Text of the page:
You’ll need a high school diploma or GED. With that in hand, you can receive training at a trade school or community college. Then you must complete an apprentice program, which can last four to five years.
An apprenticeship is an “earn while you learn situation” where you work at a jobsite during the days and head into a classroom for three to four hours of training one or two nights a week.
For his part, Derrick attended Illinois State University and earned a bachelor’s degree in business administration, but that was mainly “just to have the college experience.” He pretty much always knew he’d get into plumbing. That’s what happens your father and grandfather were both plumbers.
“When I was 8 years old, my dad would take me to work with him in the summers,” Derrick says. “It was more fun than anything, but at 15 I started working every day after school.”
The beauty of a plumbing career is that it doesn’t require you to amass a load of student debt. The average student loan debt owed per borrower is over $37,000. That’s $1.5 trillion in college debt across America. College debt outpaces all other kinds of debt in America, except for mortgages.
What does a plumber do?
Plumbers install and repair pipes that supply water and gas to—and carry waste away from—homes and businesses. They install plumbing fixtures—bathtubs, sinks, toilets, and such—as well as appliances, such as dishwashers and water heaters. They can be called on to cut holes in floors, ceilings, and walls and may need to hang steel supports from ceiling joists to hold pipes in place, which usually requires fitting, measuring, and cutting pipes to fit using pipe cutters and saws. Working with copper pipes may require soldering.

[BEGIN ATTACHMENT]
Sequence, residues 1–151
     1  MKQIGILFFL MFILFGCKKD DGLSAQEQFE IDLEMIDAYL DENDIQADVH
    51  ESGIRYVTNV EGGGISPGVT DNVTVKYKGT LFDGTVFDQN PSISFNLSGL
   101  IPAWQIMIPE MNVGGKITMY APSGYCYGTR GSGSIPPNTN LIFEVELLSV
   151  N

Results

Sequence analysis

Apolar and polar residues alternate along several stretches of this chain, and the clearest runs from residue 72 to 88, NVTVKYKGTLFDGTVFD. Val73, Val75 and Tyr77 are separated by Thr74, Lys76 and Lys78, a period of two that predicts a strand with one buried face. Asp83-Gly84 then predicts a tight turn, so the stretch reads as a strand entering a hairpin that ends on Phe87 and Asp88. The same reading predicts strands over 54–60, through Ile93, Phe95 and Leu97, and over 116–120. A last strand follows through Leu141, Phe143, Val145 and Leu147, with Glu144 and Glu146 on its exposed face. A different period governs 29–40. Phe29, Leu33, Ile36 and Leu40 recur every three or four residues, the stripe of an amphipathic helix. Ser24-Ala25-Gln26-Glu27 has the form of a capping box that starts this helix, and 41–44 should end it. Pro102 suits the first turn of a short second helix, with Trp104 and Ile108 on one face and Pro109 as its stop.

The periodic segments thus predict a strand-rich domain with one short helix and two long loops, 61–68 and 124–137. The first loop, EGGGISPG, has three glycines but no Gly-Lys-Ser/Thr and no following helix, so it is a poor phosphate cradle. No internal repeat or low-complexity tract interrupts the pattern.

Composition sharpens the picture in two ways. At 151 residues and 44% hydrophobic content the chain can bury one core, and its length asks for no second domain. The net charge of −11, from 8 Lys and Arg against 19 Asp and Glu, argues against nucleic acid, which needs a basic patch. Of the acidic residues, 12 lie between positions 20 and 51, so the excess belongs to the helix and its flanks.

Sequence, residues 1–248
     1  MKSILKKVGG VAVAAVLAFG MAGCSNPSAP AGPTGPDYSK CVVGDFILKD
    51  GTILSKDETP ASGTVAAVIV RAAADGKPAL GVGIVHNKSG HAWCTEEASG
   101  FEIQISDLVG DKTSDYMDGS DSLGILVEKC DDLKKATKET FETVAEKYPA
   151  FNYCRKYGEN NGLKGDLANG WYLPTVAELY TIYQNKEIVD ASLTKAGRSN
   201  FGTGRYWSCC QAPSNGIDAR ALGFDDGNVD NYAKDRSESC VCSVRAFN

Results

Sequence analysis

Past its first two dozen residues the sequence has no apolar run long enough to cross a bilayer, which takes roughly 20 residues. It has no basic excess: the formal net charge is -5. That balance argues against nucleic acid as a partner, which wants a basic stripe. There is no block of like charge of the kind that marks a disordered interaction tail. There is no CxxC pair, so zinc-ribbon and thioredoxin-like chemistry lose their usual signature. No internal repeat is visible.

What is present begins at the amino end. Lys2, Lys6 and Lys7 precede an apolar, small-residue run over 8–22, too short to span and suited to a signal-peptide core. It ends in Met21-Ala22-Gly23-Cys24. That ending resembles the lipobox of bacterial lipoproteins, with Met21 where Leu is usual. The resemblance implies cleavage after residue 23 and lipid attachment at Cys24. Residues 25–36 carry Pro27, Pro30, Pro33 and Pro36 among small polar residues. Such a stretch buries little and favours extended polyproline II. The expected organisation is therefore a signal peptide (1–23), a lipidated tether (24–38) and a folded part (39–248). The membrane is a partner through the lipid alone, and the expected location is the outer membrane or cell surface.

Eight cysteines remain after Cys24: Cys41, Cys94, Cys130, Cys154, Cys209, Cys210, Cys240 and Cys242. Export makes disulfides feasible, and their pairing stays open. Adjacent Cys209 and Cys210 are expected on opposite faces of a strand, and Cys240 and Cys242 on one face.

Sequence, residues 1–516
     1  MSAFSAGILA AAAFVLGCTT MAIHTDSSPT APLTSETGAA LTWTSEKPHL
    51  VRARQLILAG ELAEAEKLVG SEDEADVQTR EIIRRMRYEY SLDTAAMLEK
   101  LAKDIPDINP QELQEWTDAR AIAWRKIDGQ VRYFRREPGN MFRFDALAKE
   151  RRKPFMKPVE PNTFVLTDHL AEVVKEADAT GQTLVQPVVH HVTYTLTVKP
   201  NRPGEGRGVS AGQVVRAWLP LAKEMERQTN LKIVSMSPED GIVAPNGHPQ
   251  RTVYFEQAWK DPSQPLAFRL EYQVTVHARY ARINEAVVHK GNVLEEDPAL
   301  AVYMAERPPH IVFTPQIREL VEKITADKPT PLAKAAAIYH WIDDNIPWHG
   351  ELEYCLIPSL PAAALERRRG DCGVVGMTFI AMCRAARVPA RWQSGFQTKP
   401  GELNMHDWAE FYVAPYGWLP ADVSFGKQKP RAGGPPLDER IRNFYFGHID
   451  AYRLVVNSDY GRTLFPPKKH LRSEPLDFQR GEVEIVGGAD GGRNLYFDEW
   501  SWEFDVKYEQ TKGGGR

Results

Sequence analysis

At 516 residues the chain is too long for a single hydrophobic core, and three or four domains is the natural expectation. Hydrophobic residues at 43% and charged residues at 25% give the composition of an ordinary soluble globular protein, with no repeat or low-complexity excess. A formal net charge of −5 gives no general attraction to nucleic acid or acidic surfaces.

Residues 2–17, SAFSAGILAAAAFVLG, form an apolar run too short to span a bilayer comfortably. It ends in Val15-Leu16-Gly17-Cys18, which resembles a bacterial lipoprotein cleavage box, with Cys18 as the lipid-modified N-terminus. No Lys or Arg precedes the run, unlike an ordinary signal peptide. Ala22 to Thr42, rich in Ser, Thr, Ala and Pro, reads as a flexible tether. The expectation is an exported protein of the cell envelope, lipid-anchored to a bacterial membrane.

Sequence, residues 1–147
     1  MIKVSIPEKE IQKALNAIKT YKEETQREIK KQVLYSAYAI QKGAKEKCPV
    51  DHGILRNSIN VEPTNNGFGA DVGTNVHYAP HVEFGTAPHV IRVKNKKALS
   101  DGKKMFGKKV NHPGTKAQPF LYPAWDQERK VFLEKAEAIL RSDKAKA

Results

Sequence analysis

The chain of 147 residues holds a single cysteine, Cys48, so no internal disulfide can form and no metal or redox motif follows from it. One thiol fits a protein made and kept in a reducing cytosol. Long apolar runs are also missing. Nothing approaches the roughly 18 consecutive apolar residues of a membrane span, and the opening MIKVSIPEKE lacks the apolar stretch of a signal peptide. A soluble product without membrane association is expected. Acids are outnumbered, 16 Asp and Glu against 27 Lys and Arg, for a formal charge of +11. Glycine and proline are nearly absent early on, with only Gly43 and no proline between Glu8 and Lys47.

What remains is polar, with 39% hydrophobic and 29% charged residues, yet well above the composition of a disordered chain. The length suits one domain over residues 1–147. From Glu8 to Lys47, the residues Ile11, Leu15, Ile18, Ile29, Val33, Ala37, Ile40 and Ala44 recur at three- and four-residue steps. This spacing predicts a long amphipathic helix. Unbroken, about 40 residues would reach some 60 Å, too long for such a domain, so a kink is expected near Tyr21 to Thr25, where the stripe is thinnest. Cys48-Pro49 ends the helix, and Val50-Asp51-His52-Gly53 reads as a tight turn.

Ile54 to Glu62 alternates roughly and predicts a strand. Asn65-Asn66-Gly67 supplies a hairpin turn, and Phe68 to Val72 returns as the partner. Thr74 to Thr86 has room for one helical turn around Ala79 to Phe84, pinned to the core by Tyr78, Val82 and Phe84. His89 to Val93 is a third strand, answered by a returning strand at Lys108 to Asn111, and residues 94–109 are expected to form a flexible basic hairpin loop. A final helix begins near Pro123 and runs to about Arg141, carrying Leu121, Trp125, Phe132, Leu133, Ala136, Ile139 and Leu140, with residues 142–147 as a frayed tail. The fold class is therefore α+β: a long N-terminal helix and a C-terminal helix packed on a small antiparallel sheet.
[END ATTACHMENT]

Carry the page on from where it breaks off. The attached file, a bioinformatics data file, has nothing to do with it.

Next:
On any given day, a plumber could expect to . . .
- Install pipes and plumbing fixtures.
- Visually inspect equipment and operate test equipment—things like pressure and vacuum gauges—to determine the cause and location of trouble.
- Fix the clog! Clear obstructions from sink drains and toilets.
- Troubleshoot problems and decide how to fix them.
- Repair pipes and plumbing fixtures.
- Make cost estimates for installations and repairs.
- Present recommendations and related pricing to customers
One way to get started
A good entrée to a career as a plumber may be to work for a temporary firm as a plumber’s helper. It could give you a “taste” of the profession. Plumber’s helpers make sure that the tools needed to complete the job are available. They also prepare the work area for the plumber as well as cut new pipes, drill holes, assist with pipe removal, review blueprints, and maintain a working knowledge of worksite safety protocols.
Dustin Ide, vice president at Great Lakes Skilled Trades, says: “We haven’t yet put out any plumber’s helpers, but if the market asks for it, we’ll find the best person to fill the slot. Typically, if it is a large commercial job, a contractor will be looking for someone to have some basic plumbing or pipefitting experience, six-plus months typically, but I have also seen contractors take just a good construction laborer, someone who has experience on jobsites, and be willing to teach them as well.”